- 84% of the nurses said they would advocate for a needle-free blood draw device.
One of the key findings in the survey found that there is a lack of standardization in blood collection, and that there is “significant variability in who and how blood is collected across patient floors and time of day.”
“Commercial demand for PIVO and our family of novel solutions is being driven by a move to one-stick hospitalization and a growing realization that removing needles from blood draws improves the patient experience, protects practitioners, and boosts the bottom line,” Eric Stone, Chief Executive Officer and co-founder, Velano Vascular, told FierceBiotech.
More Research versus Patient Outcomes
Though there are peer-reviewed studies and white papers outlining positive patient outcomes surrounding the use of the PIVO device, some professionals feel more research on the product is needed.
“All of these studies would suggest that additional study would be warranted,” Diane Robertson, Director Health Technology Assessment and ECRIgene Information Services at the ECRI Institute, told Modern Healthcare. “But while the evidence is inconclusive at this point on a number of the potential benefits, in studies and in our look at safety information, there’s been no indication that there’s been any harm from this technology. It’s reasonable for hospitals to consider it. It goes back to weighing the patient-oriented outcomes.”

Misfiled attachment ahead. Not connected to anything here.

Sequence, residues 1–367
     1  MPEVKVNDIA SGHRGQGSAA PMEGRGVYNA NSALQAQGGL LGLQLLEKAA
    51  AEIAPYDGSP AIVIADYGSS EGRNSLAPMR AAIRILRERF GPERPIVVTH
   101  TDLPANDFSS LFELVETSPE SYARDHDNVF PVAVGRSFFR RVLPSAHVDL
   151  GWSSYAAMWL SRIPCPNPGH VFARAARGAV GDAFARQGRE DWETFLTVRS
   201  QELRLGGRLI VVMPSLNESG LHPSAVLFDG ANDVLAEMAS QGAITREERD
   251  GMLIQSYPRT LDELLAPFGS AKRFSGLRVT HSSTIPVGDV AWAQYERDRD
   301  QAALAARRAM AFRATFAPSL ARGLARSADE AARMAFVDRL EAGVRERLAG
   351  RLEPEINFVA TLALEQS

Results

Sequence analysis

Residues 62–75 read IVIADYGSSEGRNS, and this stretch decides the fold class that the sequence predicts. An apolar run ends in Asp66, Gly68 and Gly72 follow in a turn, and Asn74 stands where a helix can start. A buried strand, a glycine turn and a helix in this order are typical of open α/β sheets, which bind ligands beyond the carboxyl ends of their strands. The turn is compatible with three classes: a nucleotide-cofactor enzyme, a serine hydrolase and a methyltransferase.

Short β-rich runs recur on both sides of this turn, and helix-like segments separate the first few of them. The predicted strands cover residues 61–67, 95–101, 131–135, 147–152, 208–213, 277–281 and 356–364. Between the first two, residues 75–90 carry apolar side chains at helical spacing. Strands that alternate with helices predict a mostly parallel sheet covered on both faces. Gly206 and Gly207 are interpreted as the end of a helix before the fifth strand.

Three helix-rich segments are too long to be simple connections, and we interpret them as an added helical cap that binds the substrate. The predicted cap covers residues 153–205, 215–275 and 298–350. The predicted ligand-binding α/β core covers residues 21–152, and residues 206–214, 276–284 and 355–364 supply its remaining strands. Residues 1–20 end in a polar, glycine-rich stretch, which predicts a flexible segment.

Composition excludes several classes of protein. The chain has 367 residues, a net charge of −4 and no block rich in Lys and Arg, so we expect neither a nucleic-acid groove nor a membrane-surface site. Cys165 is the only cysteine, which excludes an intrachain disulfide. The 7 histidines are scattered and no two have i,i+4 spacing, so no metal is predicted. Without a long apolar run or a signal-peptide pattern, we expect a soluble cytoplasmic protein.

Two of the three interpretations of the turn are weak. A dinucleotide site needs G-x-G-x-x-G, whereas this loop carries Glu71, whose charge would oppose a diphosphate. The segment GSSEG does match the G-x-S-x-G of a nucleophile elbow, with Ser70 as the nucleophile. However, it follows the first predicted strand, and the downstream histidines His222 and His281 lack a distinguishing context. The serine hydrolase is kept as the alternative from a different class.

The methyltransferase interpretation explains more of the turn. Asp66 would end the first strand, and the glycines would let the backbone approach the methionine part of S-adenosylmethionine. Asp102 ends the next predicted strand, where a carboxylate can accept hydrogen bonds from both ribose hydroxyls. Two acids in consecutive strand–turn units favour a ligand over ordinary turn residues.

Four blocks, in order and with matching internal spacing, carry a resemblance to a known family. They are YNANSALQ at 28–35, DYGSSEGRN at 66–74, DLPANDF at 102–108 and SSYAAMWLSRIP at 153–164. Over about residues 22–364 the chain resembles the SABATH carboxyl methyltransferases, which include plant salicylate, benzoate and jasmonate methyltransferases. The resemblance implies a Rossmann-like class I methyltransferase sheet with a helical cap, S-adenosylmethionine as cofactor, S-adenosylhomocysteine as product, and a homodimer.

The need to improve the patient experience and improve patient satisfaction scores is motivating hospital administrators to spend money and resources on products like the PIVO device. Clinical laboratory leaders should be aware of the rate of adoption of such products by healthcare systems.
Continued growth in products that can collect medical laboratory specimens without a traditional venipuncture performed by a phlebotomist could give innovative labs a new way to add value in patient care in both inpatient and outpatient settings.